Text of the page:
Knitting Therapy for the ADHD Mom

I sometimes say, half-jokingly, that I have adult-onset ADHD. Maybe it's an occupational hazard of having many children. All those years of trying to keep track of where each child is and what he is up to, not to mention, what things I ought to be teaching him or the character issues I ought to be working with him on, seems to have left my brain permanently splintered. Even though I'm beyond the years of wondering what havoc the toddler is creating and where I've left the baby, I still spend time each day keeping track of everyone, only now the concerns take a different turn. ("Oh, I hope Andrew is having a productive meeting with the visiting team from Wright Patterson Air Force Base today! Sure hope his summer internship with them goes well. And Lord, please guide him to a good church in Ohio for the summer. And maybe he could meet a godly young lady." And that's just what's playing on Track #1 for the firstborn.) This, I think, accounts for the distracted part of the ADHD.

And then there's the hyperactive component. While I may have had seeds of this (I used to jump on our bed when Tim and I were first married), chasing after lots of little people for many years has brought it to the fore. I can't tell you how much I miss having a fussy baby to hold during church so I could stand at the back of the church and rock.

And here's the rub - homeschooling involves a good bit of sitting! (Not that it doesn't have plenty of activity, too, thankfully! With kids working on all three levels of our house, I find myself racing up and down stairs all day - hurrah!) Still, there are many times when I need to just sit down and work one-on-one or teach several at once. And with no baby to hold any longer, I get antsy!

Enter - therapeutic knitting! Keeping my hands busy with yarn has gone some way to helping me focus and sit still. Knitting works better for me than other type of handwork because it is easy to do just a little bit at a time, set it down, then pick it up again later. I can knit while sitting at the table working with a child or listening to a young one read. Also, knitting, unlike hand quilting, which I've tried, is much easier to accomplish while reading aloud to my children.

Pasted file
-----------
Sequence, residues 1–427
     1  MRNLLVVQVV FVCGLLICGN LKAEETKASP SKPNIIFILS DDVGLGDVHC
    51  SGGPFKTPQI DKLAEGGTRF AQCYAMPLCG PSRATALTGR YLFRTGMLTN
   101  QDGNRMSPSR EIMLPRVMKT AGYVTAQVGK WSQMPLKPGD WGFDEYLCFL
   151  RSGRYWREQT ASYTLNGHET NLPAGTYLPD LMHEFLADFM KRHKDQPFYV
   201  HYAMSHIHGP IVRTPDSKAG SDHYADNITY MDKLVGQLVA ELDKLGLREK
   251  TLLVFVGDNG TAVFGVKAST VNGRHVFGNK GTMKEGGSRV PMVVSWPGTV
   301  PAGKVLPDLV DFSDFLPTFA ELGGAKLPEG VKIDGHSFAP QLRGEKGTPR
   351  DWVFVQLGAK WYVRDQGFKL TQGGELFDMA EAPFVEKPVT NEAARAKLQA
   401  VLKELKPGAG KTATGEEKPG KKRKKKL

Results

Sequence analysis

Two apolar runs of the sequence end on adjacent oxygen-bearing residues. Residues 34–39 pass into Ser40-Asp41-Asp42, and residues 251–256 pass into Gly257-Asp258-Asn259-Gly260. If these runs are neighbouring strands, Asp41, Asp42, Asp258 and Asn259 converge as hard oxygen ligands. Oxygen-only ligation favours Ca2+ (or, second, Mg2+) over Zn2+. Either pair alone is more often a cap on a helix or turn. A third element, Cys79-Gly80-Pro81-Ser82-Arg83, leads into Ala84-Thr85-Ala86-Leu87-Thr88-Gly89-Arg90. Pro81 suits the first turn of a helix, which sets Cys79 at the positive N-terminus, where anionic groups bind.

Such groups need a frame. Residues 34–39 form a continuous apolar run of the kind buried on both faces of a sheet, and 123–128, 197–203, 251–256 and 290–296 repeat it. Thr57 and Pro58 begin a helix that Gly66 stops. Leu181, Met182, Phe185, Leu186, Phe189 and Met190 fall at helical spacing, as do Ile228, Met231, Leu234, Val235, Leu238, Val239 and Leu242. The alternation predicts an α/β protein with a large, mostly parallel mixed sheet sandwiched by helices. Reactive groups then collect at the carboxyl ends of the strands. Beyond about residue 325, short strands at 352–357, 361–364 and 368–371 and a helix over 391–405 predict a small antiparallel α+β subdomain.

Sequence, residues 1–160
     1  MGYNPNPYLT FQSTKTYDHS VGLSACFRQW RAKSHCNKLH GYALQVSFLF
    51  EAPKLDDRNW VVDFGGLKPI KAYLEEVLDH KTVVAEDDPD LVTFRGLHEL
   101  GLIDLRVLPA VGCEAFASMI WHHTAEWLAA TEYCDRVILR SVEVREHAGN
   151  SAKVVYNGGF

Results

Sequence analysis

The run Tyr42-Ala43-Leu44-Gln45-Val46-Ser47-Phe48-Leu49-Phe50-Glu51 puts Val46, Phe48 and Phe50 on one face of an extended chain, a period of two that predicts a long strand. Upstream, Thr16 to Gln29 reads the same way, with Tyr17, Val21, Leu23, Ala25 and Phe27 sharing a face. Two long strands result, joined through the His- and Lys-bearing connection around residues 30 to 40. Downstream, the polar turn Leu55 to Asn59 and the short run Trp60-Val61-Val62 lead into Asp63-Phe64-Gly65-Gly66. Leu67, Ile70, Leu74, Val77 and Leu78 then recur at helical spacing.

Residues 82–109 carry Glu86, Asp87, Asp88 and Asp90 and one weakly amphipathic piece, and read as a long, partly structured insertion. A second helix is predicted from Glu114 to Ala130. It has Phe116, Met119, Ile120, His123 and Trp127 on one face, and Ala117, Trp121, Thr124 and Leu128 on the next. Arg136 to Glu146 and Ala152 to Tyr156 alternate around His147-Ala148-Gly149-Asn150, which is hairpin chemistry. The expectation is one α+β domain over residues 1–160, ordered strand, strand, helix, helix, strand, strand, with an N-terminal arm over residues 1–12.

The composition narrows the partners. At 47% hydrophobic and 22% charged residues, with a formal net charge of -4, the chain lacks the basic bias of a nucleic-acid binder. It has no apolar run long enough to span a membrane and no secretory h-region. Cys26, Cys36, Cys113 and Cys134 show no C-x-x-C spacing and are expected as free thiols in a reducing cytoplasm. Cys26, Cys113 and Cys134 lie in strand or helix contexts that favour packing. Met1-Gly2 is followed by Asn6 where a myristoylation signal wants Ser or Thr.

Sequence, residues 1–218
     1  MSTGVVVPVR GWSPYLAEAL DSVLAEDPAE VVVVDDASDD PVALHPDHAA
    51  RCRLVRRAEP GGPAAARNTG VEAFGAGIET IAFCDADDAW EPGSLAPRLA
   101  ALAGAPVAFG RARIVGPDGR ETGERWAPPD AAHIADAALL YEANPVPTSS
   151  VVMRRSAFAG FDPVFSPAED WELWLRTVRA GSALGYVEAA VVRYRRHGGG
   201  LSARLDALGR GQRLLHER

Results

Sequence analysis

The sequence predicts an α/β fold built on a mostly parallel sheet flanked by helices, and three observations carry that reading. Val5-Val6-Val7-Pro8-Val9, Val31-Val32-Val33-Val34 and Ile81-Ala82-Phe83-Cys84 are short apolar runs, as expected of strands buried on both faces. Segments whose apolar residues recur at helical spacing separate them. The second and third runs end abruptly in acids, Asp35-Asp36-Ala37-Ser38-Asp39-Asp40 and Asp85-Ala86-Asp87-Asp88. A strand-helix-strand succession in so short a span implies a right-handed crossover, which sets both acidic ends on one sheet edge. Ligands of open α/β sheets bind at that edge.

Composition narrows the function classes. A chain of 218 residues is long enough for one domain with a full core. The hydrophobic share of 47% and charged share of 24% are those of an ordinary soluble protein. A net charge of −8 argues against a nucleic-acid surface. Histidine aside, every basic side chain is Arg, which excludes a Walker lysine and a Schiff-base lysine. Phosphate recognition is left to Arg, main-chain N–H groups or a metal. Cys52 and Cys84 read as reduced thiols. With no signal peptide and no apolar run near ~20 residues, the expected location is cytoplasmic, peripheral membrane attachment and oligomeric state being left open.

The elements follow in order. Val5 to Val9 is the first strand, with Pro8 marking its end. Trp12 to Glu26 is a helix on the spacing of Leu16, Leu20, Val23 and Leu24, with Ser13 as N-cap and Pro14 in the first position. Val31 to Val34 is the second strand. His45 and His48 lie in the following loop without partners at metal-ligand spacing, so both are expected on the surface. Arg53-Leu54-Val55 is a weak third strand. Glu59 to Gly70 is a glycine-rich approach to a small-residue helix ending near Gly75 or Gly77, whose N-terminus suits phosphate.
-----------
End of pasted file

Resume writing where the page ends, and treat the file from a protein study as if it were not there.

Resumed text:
Here are some of the projects I've finished this year during school:

This is a dress for Kara and Collin's new baby, due in August. It's supposed to be 6 month size, but I think she may not fit into it until next spring or so.

 This fun yarn (same colorway in a variety of fibers) was a gift from one of my sisters-in-law. First I made a throw blanket

and then I made this shawl from the Angora yarn in the batch. (Aeolian shawl directions here.)

I ran out of the Angora yarn just as I was finishing, so I had to use up odds and ends of the little bits I had left over from the blanket. I was quite relieved when I reached the end with just tiny snippets to spare.

Ben loves anything warm and snugly, so I knit this sweater for him from a wool-blend. (Pattern from 99 Yarns and Counting by the Green Mountain Spinning Cooperative) 

And here's an Entrelac cover I made for my Kindle. (Directions here.)

Finally, I've discovered there's a whole subset of science knitters out there who have created some really cool, and some pretty strange, projects. (You can find patterns for microbes including H1N1 and salmonella!) I feel in love with this DNA model, ostensibly a baby toy. Paul, who loves all things science related, asked me to make him one, so this is his. I'm also working on a second DNA with a bit of a different color scheme for Kristen, who must be as warped as I am.

Knitting can be useful for more than just antsy moms. It, or other handwork, is a great way to help some children listen more easily when you are reading aloud. And it turns out that others believe knitting is good therapy for kids with ADHD. In an article on classroom knitting I found this:

I strongly support knitting as an activity for all children but I think that it has added benefit for children with Attention Deficit Hyperactivity Disorder. For them, it can be very helpful to have a project going that they can be busy with between assignments. In fact, many with ADHD are actually able to listen better to lectures or classroom discussion if they are also knitting. This may not work for all students but over my years of work in both out-patient and residential programs I have learned that some people listen better when they are “using up” some of their hyperactivity. The soothing and
repetitive quality of knitting can occupy just enough of their attention so that they are not as distracted from listening. - James Krag, M.D.

I probably don't qualify as really having ADHD, though we have one son who would likely be so labeled. However, I sure can vouch for the benefits of having hand work going to help settle a body down or optimal listening.


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